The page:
The Bradkeel farm had not only animals, Mable and John also had an impressive poly-tunnel with lush vegetables, flowers and herbs bursting out from every corner. The smell of warm, moist soil and fresh mint awoke our senses and gave us a relaxing feeling which sparked a dream of building our own greenhouse at home.
One of the biggest benefits of Slow Adventure is its ability to inspire you to take something home. By inspiring us to grow our own produce since returning home, Bradkeel Farm has helped create meaningful memories for us in the future.
Baking traditional soda scones
As we got hungry, we went to Mabel's farm house to bake some traditional scones. It was fun to discover the similarities between Norwegian (Thea), Scottish (Mark) and Northern Irish (Mabel) traditional bread. Using local ingredients and a lot of love, we made a large batch of perfectly golden scones.
These ladies had a great time, giggling their way around the kitchen.
Mabel Campbell's recipe for traditional soda bread scones
1 lb Soda bread flour
2oz Caster Sugar
1/2 pint of buttermilk
Oven 220 or gas mark 7
(Optional: add 75 g of sultanas or cheese to your mix for a sweet or savoury touch)
Mix together margarin and sugar.
Add flour & milk and mix with a palette knife to make soft dough.
Place dough on a lightly floured work surface and knead.
Roll out dough 1.5 cm thick and cut out scones.
Place on baking tray and put in the oven for 12-15 minutes.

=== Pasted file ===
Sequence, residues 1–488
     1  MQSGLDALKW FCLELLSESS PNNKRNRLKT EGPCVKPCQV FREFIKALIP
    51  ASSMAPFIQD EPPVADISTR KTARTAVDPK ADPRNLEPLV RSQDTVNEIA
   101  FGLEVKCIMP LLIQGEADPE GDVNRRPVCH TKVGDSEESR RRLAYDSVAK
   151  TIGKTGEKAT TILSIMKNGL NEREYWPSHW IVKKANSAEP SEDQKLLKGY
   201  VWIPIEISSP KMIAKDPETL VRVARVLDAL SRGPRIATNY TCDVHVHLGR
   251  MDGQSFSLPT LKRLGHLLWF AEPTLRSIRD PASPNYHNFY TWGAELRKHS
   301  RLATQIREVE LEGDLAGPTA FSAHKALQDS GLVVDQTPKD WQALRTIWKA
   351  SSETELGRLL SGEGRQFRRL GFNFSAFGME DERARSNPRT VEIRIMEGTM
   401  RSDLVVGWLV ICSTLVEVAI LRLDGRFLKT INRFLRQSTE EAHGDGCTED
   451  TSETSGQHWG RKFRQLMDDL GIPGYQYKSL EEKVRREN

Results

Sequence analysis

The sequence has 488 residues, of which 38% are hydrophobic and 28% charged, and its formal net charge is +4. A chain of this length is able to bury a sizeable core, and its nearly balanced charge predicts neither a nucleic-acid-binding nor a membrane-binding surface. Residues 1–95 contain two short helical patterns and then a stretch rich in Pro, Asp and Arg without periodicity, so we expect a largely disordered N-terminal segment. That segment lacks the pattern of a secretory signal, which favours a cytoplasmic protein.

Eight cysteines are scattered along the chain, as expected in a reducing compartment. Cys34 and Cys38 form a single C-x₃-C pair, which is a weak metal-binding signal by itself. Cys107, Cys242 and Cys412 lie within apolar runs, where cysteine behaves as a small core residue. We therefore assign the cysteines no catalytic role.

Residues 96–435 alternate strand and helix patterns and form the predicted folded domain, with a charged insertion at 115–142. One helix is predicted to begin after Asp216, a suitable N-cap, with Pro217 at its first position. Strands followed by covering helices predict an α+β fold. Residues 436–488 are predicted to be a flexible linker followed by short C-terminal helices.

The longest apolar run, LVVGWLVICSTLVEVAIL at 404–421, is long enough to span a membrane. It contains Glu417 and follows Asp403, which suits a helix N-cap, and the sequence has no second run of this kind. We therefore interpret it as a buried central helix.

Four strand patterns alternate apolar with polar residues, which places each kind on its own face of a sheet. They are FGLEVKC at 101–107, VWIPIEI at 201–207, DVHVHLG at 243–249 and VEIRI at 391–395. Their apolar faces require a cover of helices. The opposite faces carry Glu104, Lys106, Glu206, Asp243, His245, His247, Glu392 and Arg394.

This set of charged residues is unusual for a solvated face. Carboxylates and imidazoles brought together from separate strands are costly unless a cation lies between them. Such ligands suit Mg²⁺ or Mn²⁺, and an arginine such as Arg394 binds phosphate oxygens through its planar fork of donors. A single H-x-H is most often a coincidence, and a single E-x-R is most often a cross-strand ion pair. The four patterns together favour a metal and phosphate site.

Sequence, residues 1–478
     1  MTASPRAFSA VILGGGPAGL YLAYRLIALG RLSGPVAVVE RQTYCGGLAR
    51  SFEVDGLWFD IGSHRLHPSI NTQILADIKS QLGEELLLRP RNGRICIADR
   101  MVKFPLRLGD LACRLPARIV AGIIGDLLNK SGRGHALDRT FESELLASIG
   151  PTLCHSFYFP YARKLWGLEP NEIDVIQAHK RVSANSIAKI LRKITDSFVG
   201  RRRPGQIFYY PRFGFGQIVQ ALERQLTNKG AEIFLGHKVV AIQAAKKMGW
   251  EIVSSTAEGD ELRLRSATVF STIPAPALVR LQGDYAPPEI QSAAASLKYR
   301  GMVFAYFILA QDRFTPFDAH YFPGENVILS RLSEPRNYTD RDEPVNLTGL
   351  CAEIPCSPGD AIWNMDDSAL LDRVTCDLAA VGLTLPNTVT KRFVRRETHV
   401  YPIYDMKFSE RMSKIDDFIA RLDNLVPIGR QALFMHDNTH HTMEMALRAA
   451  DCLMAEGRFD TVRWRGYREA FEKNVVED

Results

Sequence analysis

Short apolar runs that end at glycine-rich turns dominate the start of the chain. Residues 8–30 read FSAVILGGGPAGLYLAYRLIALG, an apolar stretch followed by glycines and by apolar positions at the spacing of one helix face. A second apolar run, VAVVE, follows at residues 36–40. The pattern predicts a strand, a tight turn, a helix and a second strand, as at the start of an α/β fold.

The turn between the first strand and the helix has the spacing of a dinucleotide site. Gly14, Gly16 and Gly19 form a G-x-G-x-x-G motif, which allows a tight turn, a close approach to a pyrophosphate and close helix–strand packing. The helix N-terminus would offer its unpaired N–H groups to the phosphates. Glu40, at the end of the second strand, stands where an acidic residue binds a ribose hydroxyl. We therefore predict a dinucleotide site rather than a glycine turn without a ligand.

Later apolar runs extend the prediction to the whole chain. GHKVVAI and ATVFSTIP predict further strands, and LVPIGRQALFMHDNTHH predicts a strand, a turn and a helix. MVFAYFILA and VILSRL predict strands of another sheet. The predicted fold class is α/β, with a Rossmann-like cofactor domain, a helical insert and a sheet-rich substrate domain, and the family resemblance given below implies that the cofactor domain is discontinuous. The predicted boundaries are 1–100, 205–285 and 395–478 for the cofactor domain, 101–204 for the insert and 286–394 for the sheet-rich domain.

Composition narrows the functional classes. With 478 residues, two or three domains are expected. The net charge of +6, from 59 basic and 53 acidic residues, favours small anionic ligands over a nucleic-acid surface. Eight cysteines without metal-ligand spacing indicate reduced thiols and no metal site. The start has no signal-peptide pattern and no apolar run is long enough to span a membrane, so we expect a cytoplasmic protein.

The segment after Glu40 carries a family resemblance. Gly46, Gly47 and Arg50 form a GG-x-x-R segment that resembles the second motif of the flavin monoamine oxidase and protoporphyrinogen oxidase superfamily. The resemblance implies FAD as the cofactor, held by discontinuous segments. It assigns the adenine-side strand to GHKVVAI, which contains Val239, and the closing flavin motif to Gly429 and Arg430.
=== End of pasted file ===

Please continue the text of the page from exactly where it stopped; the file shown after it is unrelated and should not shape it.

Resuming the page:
Combining landscape knowledge, sightseeing, animal interaction, foraging and baking was a unique way to experience a new place. We felt like we used all our senses and formed lasting memories.
For more information about combining landscape appreciation with a visit to the Bradkeel Social Farm, visit here: http://www.slowadventureni.com/natural-tour.html
Looking for a place to stay in Northern Ireland? Check out these self catered cottages: http://www.finnvalleycottages.com/
For a landscape appreciation tour with Martin email him on: email@example.com or check out his Facebook page: Landscape and countryside tours
To experience a local Northern Irish farm, e-mail Mabel on: firstname.lastname@example.org or check out their Facebook page: https://www.facebook.com/bradkeelsocialfarm/
We'd like to thank SAINT, the Northern Periphery and Arctic Programme, and the European Union for their support in making this post happen!
The SAINT project: www.saintproject.eu